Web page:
It seems Greeks are coming to grips with the reality that their new leader, Lucas Papademos, may offer a different face to watch on television, but he comes with even stauncher support of the troika’s austerity medicine than the embattled George Papandreou. Indeed, the European Union’s man and once #2 at the European Central Bank (ECB) has openly stated that exit from the euro zone is not an option. Well, Greeks are learning that this means the austerity forced down their throats is also not clearing out. So, it seems, it may not be long before the popular support for Papademos turns out to actually be a sort of marinade.
Our founder Markos Kaminis earned clients a 23% average annual return over five years as a stock analyst on Wall Street. "The Greek" has written for institutional newsletters, Businessweek, Real Money, Seeking Alpha and others, while also appearing across TV and radio. While writing for Wall Street Greek, Mr. Kaminis presciently warned of the financial crisis.
Political jockeying ahead of a likely February election has Greece’s new Prime Minister, Lucas Papademos, being held out on a stick like a souvlaki cooking over the fires of Greek rioters, the IMF and Greece’s European brothers. Papandreou’s referendum concession was either a show of pure stupidity, unequivocal ethical heart or political genius. From the political perspective, Papandreou’s calling on the Greek people to decide whether to go forth with the European plan, and thus accept austerity and also ongoing euro zone membership, forced Greeks to take a second look at the situation and also at the PASOK Party. His stepping back has placed PASOK into a position that allows for potential reconciliation come election time.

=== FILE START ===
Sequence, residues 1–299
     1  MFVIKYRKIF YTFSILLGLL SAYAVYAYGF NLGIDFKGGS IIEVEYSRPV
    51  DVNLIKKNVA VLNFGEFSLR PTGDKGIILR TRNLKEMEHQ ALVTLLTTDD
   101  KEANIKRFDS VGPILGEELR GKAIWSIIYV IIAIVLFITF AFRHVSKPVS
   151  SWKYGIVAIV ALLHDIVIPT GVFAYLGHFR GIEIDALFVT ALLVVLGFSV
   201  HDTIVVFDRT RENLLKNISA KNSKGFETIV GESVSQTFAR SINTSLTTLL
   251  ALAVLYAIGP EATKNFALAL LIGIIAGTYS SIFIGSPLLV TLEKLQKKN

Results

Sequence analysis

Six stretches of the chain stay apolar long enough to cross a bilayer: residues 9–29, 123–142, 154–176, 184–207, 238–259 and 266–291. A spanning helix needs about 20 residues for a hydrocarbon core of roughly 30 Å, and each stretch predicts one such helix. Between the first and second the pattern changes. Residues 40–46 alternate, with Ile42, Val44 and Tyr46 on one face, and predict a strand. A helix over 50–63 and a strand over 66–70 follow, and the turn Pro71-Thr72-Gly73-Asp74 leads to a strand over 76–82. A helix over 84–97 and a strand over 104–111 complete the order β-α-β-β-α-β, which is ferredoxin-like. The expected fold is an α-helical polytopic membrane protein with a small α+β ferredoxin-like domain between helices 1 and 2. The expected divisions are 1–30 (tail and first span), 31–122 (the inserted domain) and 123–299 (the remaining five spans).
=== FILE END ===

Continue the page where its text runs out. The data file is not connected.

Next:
New Democracy, not missing a beat and with its eye on February, has been publicly promoting an idea to ditch the digging austerity plan and to instead take a sort of American Republican approach to promote economic growth and trust in trickle-down economics; though the Greek version might look more like Chios mastic’s slow and painful ooze down a dry bark. The other, more radical parties are of course offering more radical solutions.
Needless to say, the political commotion has the troika terrified that tranches of capital dished out to Greece between now and February might end up wasted, sort of like how Zorbas spent his boss’ supply money on drink and women. So the IMF is refusing to dole out any more funds before a pledge is signed by the major political parties, if not all of them, to keep on the path outlined. That path, for Greeks, has been relayed as including the implementation of all already passed austerity measures, but the introduction of no new burden upon them.
So, it would seem Papademos is cooking like a souvlaki on a stick, and it would appear Greeks will have their kabob well done by February. The current popular support of him is thus near certain to turn to a lynching party, with the technocrat set to burn at the stake. Both New Democracy and PASOK are more than willing to step away now to allow the Greeks to pepper up Papademos, get their fill of him, and offer sweet dessert to them in February. But the sugar for that dessert must be acquired now from German and French patisseries.
The lesson long forgotten but to be learned anew is for governments across the globe. The lost wisdom is that the mismanagement of the people’s money results in uprising. The people will turn everything upside down and start all over again before they will bear the pain for the mistakes of faulty leadership.
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